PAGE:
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An Elephant in Miami: How to Bring the Right People in the Room

If you ever find yourself standing next to an elephant, you’ll notice you can only see one part of animal. You might be looking at the trunk without noticing what’s going on with the tail. Now, picture the elephant as you think about a process, or a problem with a lot of moving parts and people.

Back in early March, Kiran Jain, Chief Strategy Officer for Neighborly and former Senior Deputy City Attorney for the City of Oakland, came to speak to our fellowship class about “drawing the elephant” – a process mapping exercise.

When she was with the City of Oakland, she got all of the relevant stakeholders in the room, and they drew out a process from their perspective. Everyone left that meeting knowing the process and their co-workers a little better. They also identified actionable changes that can be made to streamline the process. The bonus outcome was catalyzing a cultural shift towards more collaboration on process design, and an earlier incorporation of the user perspective.

An Elephant in Miami

After learning about the very detailed permitting process in Miami-Dade County, and witnessing the fragmentation and confusion in the process, our team decided to bring the elephant to Miami.

Choosing the Short Term Event Permitting process as our prototype, we started by combing the Miami-Dade County website for all of the public-facing information on the process, and mapped out the journey as it was presented.

Next, we passed this document around to all the department contacts involved in the process, asking them to fill in the knowledge gaps. The ensuing debate made it clear that 1) this process was not clearly communicated to the public, and that 2) there was lack of internal clarity between departments on how the process worked.

The Session

On our return trip to Miami, we scheduled a half day design mapping session from 9am to 1pm, reserved a room, and ordered breakfast and lunch. We bought drawing supplies and spent time identifying the correct departmental representatives and confirming their attendance. Once we had everyone in the same room, things started to come together.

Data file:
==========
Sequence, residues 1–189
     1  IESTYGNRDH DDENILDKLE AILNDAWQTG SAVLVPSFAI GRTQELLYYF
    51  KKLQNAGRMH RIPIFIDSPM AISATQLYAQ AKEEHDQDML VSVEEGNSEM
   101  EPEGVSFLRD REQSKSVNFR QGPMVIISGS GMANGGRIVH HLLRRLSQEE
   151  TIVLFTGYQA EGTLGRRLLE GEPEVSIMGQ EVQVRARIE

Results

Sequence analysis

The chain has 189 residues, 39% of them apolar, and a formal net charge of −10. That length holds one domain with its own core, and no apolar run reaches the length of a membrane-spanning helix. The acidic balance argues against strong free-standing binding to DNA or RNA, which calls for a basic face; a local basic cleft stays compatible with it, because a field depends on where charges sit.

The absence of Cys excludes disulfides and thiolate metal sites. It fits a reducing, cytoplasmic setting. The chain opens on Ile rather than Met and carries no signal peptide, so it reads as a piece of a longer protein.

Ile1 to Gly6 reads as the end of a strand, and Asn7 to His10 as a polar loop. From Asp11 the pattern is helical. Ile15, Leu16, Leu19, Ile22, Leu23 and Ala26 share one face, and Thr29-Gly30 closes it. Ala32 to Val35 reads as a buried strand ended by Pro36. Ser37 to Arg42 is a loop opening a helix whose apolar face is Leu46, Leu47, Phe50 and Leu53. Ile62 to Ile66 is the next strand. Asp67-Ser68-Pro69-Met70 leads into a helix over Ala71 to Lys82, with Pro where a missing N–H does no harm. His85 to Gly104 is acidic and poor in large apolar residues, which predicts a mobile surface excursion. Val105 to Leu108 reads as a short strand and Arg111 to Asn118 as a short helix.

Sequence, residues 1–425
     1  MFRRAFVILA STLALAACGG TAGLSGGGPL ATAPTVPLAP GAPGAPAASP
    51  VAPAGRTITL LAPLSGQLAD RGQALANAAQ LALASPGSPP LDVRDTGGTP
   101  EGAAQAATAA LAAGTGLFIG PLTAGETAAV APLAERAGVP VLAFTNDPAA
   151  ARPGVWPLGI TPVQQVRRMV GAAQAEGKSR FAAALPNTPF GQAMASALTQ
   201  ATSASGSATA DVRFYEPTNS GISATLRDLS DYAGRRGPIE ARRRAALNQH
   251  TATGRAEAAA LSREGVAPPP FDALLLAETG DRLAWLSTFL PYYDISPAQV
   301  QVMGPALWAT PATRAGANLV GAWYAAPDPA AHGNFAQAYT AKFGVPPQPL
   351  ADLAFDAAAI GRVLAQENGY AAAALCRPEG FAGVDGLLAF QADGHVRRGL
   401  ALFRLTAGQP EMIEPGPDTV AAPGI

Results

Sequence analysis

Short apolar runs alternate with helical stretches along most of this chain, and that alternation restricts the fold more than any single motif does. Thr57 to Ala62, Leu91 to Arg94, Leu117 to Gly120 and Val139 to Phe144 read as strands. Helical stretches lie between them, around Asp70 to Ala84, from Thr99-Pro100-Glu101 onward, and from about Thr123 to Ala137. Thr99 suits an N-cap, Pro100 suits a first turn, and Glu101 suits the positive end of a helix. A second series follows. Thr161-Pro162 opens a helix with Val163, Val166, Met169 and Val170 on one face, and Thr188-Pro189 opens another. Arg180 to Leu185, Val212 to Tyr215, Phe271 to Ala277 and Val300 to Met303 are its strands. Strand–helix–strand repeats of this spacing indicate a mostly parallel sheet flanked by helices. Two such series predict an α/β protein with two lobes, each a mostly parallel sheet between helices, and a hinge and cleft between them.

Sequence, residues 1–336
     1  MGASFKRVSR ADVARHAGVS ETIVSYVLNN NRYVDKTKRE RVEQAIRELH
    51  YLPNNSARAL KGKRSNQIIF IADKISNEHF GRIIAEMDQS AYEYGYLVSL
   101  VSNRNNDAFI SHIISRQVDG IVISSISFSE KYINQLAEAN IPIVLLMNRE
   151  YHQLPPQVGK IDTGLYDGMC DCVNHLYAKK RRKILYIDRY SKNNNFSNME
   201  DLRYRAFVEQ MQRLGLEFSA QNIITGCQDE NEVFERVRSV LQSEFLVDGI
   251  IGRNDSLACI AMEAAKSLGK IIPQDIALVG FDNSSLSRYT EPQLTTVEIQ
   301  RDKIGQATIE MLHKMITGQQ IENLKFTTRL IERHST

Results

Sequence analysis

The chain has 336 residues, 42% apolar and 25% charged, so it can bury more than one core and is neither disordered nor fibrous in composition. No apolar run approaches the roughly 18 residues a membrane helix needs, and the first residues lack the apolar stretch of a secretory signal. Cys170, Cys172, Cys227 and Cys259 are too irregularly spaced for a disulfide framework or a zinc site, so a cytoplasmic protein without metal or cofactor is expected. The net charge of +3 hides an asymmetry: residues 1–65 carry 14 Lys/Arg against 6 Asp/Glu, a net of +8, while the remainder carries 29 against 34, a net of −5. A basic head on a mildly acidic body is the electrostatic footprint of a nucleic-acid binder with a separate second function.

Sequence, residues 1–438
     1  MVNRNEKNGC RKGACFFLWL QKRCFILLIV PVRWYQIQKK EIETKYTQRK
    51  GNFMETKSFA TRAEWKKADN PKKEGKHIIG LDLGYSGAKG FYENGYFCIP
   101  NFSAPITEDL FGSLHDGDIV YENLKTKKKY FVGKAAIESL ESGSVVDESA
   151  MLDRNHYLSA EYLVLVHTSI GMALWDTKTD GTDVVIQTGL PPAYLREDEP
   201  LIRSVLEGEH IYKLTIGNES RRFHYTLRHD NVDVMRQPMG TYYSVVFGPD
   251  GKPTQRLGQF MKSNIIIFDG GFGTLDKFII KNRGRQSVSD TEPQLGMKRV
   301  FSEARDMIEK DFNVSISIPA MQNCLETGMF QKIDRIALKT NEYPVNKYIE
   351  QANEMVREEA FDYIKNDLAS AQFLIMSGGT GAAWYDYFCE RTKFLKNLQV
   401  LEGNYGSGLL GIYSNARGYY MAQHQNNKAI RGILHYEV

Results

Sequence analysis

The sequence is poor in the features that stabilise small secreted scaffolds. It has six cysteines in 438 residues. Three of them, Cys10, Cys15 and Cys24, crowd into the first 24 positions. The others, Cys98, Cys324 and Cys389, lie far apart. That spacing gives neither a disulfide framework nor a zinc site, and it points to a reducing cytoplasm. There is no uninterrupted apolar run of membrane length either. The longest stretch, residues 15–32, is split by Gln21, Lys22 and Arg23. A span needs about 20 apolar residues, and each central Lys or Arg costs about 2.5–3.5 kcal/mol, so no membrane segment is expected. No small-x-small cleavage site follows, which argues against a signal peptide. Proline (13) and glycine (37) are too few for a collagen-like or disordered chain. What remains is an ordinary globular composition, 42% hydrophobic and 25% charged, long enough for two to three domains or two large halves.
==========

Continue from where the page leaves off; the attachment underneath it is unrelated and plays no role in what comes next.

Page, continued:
We kicked things off with introductions, then did a warm up by having everyone draw their morning coffee ritual. Then, we gave them 15 minutes to draw the Short Term Event Permitting process from their perspective, and opened up the space for discussion. This is where things went a bit off script. The original plan was to have everyone share their drawings of the current process, then form small groups to draw the ideal process and finally to identify any efficiencies that were surfaced.  We chose instead to let the lively and productive conversation around mapping the current process continue (with guided facilitation), documenting what was being discussed along the way.

In the end, we achieved three important objectives:

  1. Mapped out the entire Short Term Event Permitting Process from start to finish
  2. Identified some efficiencies and branches that would require further follow-up and discussion
  3. Got County staff excited and engaged in improving a process, breaking down silos along the way

What’s Next?

This is really just the beginning. Next, we will send out the compiled notes and process diagram created during the session, and set up follow-up conference calls to discuss implementing process improvements. We’ll also touch on process branches that we weren’t able to cover in the session in order to make sure that the processed is addressed comprehensively.

The hardest part of leading a design mapping session is finding the right people and getting them to show up. The actual session is fairly easy, just identify clear goals, be flexible and follow up with your participants.

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